There are the tried-and-true surfaces of marble, granite, limestone and slate, each with its own inherent properties. Marble is a fairly strong material, but susceptible to staining and can crack and break far more easily than granite. Limestone is versatile and lovely to look at but then again not as strong as marble or granite; and slate, though very attractive, can sometimes slough. When it comes to stone, consumers can go as light or as dark as they choose with these materials.
Personally, I’m inclined to favor wood over stone when I’m working with a more traditional home or want to create a more cozy and relaxed ambience in a room, even within a contemporary space. To my trained eye and sensibility it seems to be the right choice for such a project. But I would point out that tile and stone can be used in either traditional or contemporary design depending on the way they are laid. A clean, straight pattern with very narrow grout will bring to mind contemporary. A brick pattern with wider grout will certainly denote a more classic look. These are some examples of the tricks of the trade. The look and feel of stone and wood floors also can be altered and warmed, or made to appear more cozy, by adding area rugs seasonally when it’s cold outside, and then removing them and storing them for the warmer months of the year.
In my experience, most of my clients generally tend to avoid stone in the bedroom(s) and opt for carpeting or certainly at least area rugs over wood and sometimes over stone, but always choosing a softer, more inviting surface for these intimate parts of the home.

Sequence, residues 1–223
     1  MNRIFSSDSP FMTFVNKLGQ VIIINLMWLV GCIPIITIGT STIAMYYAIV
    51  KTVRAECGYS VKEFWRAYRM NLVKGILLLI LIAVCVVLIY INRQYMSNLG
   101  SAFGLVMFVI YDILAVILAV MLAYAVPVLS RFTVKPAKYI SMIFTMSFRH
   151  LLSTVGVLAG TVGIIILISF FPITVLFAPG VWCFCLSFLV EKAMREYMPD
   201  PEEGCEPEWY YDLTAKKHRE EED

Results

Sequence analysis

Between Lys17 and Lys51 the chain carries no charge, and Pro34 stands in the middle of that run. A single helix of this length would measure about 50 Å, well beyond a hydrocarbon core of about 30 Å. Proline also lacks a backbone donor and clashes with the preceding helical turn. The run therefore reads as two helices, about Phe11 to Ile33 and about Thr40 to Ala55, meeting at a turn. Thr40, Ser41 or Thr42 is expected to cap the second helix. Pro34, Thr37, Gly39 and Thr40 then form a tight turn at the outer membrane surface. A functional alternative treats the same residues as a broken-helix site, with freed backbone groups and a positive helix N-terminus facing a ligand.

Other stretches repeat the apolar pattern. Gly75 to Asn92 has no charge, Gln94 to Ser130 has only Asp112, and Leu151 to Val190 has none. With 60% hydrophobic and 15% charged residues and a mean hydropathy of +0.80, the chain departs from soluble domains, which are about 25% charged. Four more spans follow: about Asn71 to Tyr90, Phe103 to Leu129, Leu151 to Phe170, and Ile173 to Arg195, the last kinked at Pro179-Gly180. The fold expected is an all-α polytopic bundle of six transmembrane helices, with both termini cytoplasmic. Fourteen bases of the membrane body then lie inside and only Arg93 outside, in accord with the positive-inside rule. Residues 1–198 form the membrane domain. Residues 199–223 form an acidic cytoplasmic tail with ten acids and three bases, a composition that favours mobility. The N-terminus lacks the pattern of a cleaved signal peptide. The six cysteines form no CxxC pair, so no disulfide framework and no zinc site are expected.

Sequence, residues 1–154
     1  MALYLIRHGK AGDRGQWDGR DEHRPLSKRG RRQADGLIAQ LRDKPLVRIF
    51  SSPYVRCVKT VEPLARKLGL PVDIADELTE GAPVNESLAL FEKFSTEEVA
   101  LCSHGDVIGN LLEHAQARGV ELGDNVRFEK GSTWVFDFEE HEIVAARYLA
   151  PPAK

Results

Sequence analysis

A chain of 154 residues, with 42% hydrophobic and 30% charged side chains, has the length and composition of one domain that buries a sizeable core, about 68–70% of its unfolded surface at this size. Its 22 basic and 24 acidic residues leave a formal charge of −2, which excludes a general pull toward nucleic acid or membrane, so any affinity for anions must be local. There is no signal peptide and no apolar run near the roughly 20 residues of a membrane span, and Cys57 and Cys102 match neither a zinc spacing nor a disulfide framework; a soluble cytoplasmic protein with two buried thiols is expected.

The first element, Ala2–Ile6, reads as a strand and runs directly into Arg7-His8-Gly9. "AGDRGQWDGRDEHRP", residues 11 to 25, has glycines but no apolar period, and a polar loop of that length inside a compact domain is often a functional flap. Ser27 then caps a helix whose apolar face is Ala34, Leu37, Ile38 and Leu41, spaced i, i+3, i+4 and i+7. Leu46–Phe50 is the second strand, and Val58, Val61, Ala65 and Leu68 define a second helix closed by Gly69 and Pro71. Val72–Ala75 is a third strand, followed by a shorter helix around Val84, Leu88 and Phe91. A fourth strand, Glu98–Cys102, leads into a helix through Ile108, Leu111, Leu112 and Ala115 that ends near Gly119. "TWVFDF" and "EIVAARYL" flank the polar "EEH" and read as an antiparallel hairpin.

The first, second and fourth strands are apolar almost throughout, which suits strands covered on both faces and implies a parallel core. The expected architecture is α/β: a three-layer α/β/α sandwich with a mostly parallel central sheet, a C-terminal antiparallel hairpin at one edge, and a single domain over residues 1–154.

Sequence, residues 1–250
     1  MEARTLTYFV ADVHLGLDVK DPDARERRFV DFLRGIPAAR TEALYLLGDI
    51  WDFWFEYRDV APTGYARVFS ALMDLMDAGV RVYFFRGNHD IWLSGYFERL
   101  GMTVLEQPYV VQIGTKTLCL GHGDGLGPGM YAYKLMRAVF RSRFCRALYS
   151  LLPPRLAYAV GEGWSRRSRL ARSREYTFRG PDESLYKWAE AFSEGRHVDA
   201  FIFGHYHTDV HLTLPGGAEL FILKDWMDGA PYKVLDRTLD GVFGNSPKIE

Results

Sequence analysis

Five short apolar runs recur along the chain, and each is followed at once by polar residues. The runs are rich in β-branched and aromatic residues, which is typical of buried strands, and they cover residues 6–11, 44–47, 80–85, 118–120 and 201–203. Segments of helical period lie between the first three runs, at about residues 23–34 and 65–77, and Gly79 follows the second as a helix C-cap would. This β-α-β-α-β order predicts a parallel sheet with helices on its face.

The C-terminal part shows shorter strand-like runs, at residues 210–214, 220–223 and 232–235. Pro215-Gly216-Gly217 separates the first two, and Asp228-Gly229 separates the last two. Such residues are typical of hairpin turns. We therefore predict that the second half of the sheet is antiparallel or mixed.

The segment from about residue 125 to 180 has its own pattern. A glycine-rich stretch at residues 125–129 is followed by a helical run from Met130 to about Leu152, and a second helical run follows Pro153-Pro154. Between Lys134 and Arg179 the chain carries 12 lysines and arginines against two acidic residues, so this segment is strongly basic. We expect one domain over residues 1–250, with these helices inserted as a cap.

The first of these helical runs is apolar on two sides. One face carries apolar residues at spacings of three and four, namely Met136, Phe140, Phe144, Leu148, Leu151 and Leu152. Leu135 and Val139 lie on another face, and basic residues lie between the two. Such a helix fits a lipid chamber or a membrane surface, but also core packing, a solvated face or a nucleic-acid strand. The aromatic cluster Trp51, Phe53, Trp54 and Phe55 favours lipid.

Using a stone floor in a warm climate such as ours is always a good idea. It’s cool to the touch and resistant to heat and moisture. Still, a hard surface is certainly more tiring if you are constantly standing or walking on it, (i.e., in the kitchen) and, of course, by its very nature, is totally unforgiving to anything that may drop on it.
When and if you decide to use stone, please be sure to take into account that this type of flooring demands a proper weight-bearing subfloor in order to deal with the excess stress that it places upon your home’s construction.
Some final thoughts: High-gloss stone can be a little dangerous for traffic but is a glamorous look, nonetheless. Obviously it needs to be avoided in the shower at all costs. Tumbled or honed stone is a much better choice for a surface that is more slip-resistant due to its dull finish. Granite is timeless and a wonderful material, but quite pricey. Don’t overlook the option of creating patterns and intricate designs, which can be achieved simply by how the material is laid.
Whatever you decide to do in the way of flooring for your home, don’t allow yourself to become overwhelmed by the options that are open to you. Rather be comforted and encouraged by the large variety of materials and costs that are now available.
Stephen Leon is a licensed interior designer and president of Soleil Design International; he has been designing and manufacturing custom furniture and cabinetry for more than 25 years. He has served on the board of directors of the Central California/Nevada Chapter of the American Society of Interior Designers. Questions can be sent to email@example.com.